There are three different species of zebra, all of which inhabit woodland, savannah and arid terrain across southern and East Africa. They are highly sociable grazing animals that live in family groups, and in some areas ― famously the Serengeti ― gather in mass migrations. Their principal predators are lions and spotted hyenas. The plains zebra, the most common species, stands up to 1.3m at the shoulder and weighs up to 350kg. It lives around 25 years in the wild. A female gives birth in summer after a 360-day gestation period. Her single foal stays close and can move with the herd within half an hour of birth.
The stripes on a zebra’s neck continue onto its mane, which is composed of stiff, erect hairs. They nibble each other’s mane and neck to reinforce social bonds during mutual grooming.
A zebra has keen hearing. Its ears are highly mobile and also play an important part in communication ― laid flat, for example, they can either signal fear or aggression.
Zebra use sharp incisors to nibble off tough grasses before grinding them down with broad cheek molars. They bite aggressively in self-defence or during territorial skirmishes, and bare their incisors as a threat display.
Powerful legs allow zebras to reach speeds of 25mph and provide enough stamina to outrun most predators. Similar to horses, they have four gaits: walk, trot, canter and gallop. Their powerful backwards kick, given in self-defence, can break a lion’s jaw.
Like all members of the horse family, zebras are odd-toed ungulates. They walk on tiptoe on a single central toe, which is protected by an enlarged toenail: the hoof.
The efficient digestive system allows a zebra to process coarse grasses unpalatable to many other herbivores, and it may feed for 22 hours out of 24. Its plump, healthy appearance may partly be explained by the fermenting action of bacteria in the gut.
A zebra’s tail ends in a tassel, and is used as a fly-whisk in order to repel biting insects. Those with missing tails may have escaped attacks by crocodiles or other predators, or may have lost their tail in a fight with a rival.
Today there are three species of zebra. All are confined to Africa and belong to the genus Equus, along with all other living horses. These are:
Plains zebra (Equus quagga)
Much the most common zebra and the one seen by most safari-goers, often alongside other grazers such as blue wildebeest. Ranges from Kenya to South Africa and occurs in six subspecies, all of which have stripes that wrap around the belly and become broader towards the rump. Of these subspecies, the Grant’s zebra is found in the Serengeti-Mara Ecosystem; Burchell’s and Chapman’s inhabit southern Africa; and Crawshay’s occur in Malawi and Zambia.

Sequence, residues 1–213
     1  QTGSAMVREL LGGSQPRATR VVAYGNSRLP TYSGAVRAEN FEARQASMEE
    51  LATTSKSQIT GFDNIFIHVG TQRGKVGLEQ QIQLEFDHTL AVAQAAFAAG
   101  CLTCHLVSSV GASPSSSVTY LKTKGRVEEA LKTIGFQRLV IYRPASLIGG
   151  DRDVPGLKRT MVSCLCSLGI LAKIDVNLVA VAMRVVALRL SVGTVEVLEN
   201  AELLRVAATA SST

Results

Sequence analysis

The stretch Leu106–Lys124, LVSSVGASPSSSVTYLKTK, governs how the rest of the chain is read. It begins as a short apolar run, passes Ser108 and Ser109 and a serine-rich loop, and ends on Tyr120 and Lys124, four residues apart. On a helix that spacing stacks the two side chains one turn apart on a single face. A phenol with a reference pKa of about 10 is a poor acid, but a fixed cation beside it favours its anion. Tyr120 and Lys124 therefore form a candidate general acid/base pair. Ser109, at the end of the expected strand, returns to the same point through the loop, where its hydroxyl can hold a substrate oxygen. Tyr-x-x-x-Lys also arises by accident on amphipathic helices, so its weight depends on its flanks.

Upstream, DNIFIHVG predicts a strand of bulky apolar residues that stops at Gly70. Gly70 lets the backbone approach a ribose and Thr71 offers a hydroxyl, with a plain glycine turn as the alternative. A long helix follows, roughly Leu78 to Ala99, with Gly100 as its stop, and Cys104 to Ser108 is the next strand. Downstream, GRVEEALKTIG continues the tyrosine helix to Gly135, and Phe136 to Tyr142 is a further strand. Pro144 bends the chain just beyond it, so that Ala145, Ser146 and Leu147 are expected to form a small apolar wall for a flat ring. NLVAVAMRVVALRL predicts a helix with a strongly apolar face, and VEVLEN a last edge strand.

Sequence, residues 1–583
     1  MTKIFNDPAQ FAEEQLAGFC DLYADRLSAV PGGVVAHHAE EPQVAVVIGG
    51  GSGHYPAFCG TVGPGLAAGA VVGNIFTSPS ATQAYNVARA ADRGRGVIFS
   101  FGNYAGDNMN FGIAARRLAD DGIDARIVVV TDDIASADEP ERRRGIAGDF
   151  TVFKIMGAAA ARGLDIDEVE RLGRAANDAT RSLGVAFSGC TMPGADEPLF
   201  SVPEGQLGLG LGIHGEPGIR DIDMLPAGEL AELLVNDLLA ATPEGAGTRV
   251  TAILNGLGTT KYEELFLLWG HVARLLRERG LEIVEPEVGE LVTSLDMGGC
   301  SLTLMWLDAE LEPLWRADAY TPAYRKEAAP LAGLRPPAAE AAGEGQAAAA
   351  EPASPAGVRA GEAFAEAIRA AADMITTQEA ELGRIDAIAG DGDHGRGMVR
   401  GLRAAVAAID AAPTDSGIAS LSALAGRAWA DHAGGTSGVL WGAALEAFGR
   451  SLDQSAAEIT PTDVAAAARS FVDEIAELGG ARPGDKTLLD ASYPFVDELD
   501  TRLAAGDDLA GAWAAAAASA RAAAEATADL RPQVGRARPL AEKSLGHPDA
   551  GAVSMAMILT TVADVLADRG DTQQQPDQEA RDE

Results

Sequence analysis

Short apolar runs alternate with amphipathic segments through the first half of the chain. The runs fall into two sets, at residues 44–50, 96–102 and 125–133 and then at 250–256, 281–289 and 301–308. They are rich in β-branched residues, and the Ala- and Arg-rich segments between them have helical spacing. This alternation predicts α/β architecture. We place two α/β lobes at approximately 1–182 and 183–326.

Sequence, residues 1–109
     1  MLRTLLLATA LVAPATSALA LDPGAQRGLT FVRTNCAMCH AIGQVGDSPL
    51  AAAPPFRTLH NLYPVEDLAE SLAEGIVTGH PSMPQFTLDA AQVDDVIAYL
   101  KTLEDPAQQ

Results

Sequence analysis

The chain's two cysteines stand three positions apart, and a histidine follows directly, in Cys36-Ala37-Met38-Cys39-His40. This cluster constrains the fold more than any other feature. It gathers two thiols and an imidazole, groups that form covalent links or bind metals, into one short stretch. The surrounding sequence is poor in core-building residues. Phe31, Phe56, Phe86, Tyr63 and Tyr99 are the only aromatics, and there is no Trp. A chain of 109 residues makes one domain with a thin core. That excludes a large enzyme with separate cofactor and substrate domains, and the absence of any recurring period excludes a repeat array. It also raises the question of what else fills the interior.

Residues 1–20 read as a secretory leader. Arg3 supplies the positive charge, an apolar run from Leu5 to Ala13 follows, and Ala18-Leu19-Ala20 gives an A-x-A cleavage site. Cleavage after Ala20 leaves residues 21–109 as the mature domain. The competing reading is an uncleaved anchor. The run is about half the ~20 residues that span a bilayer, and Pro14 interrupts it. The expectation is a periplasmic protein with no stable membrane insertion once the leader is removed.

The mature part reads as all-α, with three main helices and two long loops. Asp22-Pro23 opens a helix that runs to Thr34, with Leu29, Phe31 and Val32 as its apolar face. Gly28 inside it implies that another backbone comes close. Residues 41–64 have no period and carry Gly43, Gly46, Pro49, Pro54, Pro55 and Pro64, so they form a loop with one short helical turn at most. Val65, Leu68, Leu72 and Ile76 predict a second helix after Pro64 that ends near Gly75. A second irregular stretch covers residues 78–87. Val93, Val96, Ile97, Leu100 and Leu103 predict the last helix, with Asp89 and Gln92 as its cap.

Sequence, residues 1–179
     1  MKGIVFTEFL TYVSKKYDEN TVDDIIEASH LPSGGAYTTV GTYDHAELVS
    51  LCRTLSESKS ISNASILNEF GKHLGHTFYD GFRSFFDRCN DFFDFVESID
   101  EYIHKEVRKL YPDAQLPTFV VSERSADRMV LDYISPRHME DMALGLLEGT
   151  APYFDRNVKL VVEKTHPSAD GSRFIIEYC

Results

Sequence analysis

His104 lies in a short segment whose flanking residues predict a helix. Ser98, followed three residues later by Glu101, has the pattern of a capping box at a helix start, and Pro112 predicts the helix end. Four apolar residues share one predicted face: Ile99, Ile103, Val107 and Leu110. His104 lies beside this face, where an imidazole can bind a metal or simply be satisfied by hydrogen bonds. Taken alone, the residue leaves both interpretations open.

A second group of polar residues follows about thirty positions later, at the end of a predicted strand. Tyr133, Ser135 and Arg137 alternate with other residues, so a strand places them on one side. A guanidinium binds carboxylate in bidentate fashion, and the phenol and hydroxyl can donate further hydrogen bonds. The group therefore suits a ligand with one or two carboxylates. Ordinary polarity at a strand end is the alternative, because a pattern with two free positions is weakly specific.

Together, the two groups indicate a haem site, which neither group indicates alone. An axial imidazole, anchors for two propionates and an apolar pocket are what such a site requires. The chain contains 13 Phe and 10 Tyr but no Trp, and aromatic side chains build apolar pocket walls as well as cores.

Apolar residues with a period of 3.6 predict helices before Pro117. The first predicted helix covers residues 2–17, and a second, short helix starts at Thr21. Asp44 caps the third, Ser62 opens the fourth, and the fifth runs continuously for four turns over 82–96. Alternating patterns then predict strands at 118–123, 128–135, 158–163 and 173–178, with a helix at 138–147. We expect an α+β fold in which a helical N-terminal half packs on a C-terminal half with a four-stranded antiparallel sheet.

Mountain zebra (Equus zebra)
Confined to southwest Africa and distinguished from plains zebra by narrower striping on the flanks, a white belly and prominent dewlap. There are two races, both very localised: Hartmann’s mountain zebra, the larger, occurs in central and southern Namibia; Cape mountain zebra ― once close to extinction ― in South Africa’s Cape. Hardy animals of rugged terrain, they supplement poor grazing with browsing.
Grevy’s zebra (Equus grevyi)
The largest zebra, weighing up to 450kg, and the rarest ― its remaining population of no more than 3000 is largely confined to arid northern and central Kenya. Distinguished from the plains zebra by its round ‘Mickey Mouse’ ears and narrow pinstriped pattern, the stripes become finer towards the rump.
Why the stripes?
The scientific jury is still out. The traditional explanation was that stripes provided camouflage in the long grass, but other animals that use them for this reason are generally more solitary. Besides, zebra can look very conspicuous against a lush, green meadow. More intriguing is the ‘motion dazzle’ theory, which holds that the confusion of black and white baffles a predator trying to select a target from the herd. Other theories suggest that the differing of patterns between individuals is an aid to recognition, and even that the stripes act as a deterrent to flies. Most recently, scientists have explored the idea that they help in thermoregulation, allowing the animals to withstand intense solar radiation. Whatever the truth, this animal certainly gets 10 out of 10 for style.
Zebras live in small family groups comprising a stallion with a harem of mares and their foals. Young males also form bachelor herds. The females in a group observe a strict hierarchy: they are led by the dominant mare, with others following in single file, according to rank, each with her foal behind her. The stallion usually brings up the rear but may take the lead in risky situations. Group members maintain strong bonds, reinforced by mutual grooming. They communicate constantly, deploying a subtle body language of head, ears and tail, and making a variety of calls, including a far-carrying, hiccuping kwa-ha-ha. Group members look out for one another: if one becomes separated from the others, they will search for it.